Having your house surrounded by water because of a flood is usually a good enough reason to stay home from work, but not this time.

Marsha Hedgepeth works as a technician in an emergency room. So when Hurricane Sandy put her Toms River, New Jersey, neighborhood under 10 feet of water, she knew she had to get to her hospital so she could help those who were injured in the superstorm. Hedgepeth was scheduled for an afternoon shift the day after Sandy hit. Since she didn't have a boat in her home, the only way she could make it to work on time was to start swimming.

"I dove into water, and I couldn't see the steps I was walking down because they were covered in water," she said. "So I said the easiest way to get there is just swim until I reach the ground."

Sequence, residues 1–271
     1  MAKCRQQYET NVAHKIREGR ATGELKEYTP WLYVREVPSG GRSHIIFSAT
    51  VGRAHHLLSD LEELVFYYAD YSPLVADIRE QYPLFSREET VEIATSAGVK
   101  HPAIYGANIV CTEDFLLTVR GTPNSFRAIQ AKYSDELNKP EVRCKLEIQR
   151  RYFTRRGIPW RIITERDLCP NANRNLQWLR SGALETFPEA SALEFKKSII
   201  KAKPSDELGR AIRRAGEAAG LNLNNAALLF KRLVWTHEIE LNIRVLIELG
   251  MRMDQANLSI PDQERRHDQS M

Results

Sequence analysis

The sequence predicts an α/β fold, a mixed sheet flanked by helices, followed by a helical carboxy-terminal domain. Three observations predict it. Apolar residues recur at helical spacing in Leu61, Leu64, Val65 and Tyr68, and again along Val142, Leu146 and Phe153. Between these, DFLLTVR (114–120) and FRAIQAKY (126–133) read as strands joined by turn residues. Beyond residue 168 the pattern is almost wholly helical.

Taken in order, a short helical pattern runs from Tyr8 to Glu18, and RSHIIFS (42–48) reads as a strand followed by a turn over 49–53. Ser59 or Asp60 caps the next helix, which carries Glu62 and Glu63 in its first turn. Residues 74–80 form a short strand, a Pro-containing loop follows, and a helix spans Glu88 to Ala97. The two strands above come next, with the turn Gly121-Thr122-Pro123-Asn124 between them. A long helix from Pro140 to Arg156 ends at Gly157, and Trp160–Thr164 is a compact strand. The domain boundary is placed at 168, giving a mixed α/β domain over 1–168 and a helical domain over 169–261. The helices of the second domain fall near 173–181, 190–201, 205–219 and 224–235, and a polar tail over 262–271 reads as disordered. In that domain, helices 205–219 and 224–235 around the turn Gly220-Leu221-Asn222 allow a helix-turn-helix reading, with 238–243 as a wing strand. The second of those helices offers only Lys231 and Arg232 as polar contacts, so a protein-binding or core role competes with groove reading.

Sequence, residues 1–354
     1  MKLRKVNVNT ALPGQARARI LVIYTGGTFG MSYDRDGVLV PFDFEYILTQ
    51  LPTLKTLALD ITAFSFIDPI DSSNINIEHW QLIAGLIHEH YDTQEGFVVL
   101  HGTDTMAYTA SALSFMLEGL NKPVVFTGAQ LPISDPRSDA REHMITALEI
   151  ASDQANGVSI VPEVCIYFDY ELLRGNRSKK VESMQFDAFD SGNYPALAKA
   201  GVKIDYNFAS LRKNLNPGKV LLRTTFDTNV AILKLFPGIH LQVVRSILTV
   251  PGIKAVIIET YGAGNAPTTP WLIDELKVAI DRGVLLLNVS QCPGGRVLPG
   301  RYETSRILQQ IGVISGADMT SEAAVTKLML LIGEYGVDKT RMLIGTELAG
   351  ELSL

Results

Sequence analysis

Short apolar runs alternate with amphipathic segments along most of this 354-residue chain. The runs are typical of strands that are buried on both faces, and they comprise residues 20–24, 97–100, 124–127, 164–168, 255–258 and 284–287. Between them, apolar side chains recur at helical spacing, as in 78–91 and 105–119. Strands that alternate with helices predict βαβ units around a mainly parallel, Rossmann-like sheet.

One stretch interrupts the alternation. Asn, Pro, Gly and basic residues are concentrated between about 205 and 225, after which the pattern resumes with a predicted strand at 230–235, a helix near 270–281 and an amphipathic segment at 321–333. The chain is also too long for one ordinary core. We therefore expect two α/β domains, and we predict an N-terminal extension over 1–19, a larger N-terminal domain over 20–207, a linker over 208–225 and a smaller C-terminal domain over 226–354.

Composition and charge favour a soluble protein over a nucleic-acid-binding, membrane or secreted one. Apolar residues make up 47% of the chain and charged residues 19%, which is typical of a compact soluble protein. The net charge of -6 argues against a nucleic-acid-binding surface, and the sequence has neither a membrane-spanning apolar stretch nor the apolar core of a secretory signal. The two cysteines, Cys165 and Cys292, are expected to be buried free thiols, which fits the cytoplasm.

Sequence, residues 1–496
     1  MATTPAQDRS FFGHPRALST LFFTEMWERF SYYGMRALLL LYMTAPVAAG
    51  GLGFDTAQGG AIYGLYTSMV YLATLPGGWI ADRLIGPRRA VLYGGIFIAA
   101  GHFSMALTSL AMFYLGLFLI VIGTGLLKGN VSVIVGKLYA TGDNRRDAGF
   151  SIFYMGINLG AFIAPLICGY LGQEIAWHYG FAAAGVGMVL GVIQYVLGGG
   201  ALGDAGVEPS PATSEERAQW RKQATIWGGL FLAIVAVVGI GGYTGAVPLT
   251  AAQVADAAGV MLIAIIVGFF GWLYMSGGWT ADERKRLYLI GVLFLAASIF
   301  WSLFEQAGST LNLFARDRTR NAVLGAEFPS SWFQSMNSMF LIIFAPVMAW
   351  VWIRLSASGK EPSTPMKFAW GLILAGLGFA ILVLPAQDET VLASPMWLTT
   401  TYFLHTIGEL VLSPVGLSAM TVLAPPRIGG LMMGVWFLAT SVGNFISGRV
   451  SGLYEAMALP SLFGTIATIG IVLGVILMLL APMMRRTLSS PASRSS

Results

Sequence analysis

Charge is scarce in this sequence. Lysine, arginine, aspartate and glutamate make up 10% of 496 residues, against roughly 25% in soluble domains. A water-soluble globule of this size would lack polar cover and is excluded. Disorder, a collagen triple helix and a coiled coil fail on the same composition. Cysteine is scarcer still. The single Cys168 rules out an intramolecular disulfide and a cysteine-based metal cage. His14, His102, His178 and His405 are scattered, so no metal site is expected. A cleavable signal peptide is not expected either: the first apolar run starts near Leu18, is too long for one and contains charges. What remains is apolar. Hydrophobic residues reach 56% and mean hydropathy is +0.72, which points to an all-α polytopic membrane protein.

She did reach ground after about 200 yards, the equivalent of four lengths of an Olympic-size pool. When she was done with her swim she was spotted by some utility workers, who wondered if she was in need of assistance. When she told them she actually needed to get to the hospital so she could help with the injured, they drove her there.

"'Can’t' isn't in my vocabulary, so I knew I was going to make it," Hedgepeth said of the first leg of her unusual commute.

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